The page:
A control circuit 1231 applies to a gate of the main switching transistor 1232 a pulse signal to intermittently turn on and off the main switching transistor 1232. The control circuit 1231 also applies to a gate of a synchronization rectifying transistor 1233 a pulse signal to intermittently turn on and off the synchronization rectifying transistor 1233. The control circuit 1231 receives a reference voltage Vref from the exterior and a voltage of the output terminal OUT as well. The control circuit 1231 controls a pulse width of the pulse signal to be applied to the gate of the main switching transistor 1232 so that a voltage of the output terminal OUT becomes a voltage (typically the same voltage as the reference voltage Vref) associated with the reference voltage Vref. And also, with respect to the pulse signal to be applied to the synchronization rectifying transistor 1233, the control circuit 1231 performs a pulse timing control and a pulse width control so as not to overlap with a pulse to be applied to the main switching transistor 1232 (so as not to simultaneously turn on the main switching transistor 1232 and the synchronization rectifying transistor 1233).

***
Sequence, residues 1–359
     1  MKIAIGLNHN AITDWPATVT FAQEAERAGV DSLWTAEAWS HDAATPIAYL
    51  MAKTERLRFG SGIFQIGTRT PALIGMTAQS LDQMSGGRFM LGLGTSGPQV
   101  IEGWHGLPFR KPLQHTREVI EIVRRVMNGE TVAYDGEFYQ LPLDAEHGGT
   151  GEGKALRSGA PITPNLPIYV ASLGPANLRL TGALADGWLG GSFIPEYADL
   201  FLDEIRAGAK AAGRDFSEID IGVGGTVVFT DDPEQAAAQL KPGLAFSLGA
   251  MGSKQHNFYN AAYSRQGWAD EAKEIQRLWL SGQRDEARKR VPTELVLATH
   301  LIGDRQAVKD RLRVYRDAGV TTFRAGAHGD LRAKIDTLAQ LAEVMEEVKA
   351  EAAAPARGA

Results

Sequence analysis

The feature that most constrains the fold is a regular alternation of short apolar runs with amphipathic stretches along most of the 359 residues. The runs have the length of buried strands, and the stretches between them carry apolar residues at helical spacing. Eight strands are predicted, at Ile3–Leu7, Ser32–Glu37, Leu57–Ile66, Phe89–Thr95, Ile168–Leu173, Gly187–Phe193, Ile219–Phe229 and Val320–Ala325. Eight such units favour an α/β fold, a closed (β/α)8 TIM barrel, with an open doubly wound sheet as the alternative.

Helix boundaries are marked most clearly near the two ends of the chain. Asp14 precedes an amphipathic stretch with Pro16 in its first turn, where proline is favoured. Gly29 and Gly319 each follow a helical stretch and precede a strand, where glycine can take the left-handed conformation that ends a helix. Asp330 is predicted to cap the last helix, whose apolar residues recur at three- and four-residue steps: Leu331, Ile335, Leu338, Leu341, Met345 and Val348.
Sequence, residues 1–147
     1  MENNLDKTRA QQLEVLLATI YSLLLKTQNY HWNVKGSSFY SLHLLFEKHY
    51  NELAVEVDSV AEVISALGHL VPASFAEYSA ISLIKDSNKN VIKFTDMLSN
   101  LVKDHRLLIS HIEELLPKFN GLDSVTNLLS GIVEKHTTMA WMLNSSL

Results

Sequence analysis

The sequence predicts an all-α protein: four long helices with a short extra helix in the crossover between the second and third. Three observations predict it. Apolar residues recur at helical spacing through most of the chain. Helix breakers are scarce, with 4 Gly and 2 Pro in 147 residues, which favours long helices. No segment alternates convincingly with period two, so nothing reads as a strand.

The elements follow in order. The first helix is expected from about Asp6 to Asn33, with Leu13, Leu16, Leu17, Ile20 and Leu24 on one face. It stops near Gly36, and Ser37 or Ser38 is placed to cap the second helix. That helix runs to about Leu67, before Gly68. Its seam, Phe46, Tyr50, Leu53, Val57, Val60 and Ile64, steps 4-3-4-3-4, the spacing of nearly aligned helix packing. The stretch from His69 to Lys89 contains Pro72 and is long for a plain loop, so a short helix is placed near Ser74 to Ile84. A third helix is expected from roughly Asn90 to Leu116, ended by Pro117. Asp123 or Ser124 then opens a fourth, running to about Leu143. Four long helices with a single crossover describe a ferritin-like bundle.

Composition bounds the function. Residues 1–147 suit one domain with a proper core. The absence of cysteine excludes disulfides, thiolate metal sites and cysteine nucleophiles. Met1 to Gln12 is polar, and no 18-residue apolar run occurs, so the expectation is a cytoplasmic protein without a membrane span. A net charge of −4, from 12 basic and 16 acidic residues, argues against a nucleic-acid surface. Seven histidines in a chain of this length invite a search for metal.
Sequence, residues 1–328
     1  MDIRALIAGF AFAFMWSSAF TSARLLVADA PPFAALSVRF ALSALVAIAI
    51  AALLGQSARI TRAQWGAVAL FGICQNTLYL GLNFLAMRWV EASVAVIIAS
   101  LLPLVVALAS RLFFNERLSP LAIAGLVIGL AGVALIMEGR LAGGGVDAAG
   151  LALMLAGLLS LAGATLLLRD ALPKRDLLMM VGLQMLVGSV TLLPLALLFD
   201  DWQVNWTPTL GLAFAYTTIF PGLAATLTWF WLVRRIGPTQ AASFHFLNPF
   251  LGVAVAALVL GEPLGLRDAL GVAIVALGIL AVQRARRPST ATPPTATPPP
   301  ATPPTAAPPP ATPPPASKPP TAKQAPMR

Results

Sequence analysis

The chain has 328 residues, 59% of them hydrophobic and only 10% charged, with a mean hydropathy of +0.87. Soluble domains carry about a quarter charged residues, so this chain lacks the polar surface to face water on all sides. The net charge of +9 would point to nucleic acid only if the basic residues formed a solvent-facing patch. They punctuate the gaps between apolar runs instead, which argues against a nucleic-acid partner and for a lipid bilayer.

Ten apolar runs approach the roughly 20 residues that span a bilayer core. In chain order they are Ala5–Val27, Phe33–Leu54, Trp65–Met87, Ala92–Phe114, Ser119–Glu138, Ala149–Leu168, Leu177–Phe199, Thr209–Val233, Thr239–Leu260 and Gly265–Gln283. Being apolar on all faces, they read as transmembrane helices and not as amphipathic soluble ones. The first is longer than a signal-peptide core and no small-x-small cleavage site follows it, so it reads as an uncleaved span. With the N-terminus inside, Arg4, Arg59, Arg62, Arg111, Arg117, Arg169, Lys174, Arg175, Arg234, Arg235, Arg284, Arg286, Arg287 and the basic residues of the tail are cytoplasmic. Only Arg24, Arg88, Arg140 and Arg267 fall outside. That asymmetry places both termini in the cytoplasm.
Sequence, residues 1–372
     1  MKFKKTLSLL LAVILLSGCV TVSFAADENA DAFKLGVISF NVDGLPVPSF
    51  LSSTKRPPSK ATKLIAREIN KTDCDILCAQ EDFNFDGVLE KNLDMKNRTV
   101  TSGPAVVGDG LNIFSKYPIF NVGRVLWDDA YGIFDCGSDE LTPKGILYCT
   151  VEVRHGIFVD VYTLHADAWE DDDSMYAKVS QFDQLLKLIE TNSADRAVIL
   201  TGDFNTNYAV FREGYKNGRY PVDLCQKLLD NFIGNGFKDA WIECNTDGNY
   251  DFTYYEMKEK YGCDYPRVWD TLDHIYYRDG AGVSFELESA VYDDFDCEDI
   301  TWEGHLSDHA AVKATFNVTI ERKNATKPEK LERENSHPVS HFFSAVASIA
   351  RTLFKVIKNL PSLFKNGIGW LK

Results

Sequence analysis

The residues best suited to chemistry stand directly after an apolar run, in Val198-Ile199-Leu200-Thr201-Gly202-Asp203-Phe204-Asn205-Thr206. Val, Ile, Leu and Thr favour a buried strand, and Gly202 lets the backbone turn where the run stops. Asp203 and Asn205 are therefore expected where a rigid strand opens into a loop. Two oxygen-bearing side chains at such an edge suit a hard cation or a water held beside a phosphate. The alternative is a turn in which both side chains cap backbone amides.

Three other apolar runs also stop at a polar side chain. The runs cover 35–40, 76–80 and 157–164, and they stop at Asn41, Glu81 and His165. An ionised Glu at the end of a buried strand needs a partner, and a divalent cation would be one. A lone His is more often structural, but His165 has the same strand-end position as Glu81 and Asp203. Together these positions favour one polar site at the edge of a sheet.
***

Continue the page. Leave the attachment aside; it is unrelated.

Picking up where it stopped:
A diode 1234, which is connected in parallel with the synchronization rectifying transistor 1233, is a flywheel diode which is operative when both, the main switching transistor 1232 and the synchronization rectifying transistor 1233 turn off.

When the main switching transistor 1232 turns on, an electric power is stored in the coil 1235. And when the main switching transistor 1232 turns off, a current conducts through the diode 1234 or the synchronization rectifying transistor 1233, so that the power stored in the coil 1235 is discharged through the output terminal OUT. Repeat of this cycle and voltage smoothing effect by the capacitor C2 makes it possible to output an electric power of DC voltage according to a pulse width of the pulse to be applied via the output terminal OUT to the main switching transistor 1232.

Since the flywheel diode 1234 is associated with a forward potential drop, the combination use of the flywheel diode 1234 with the synchronization rectifying transistor 1233 makes it possible to perform effective power conversion.

FIG. 6 is a block diagram showing an internal structure of the control circuit 1231 of the DCóDC converter 123 shown in FIG. 5.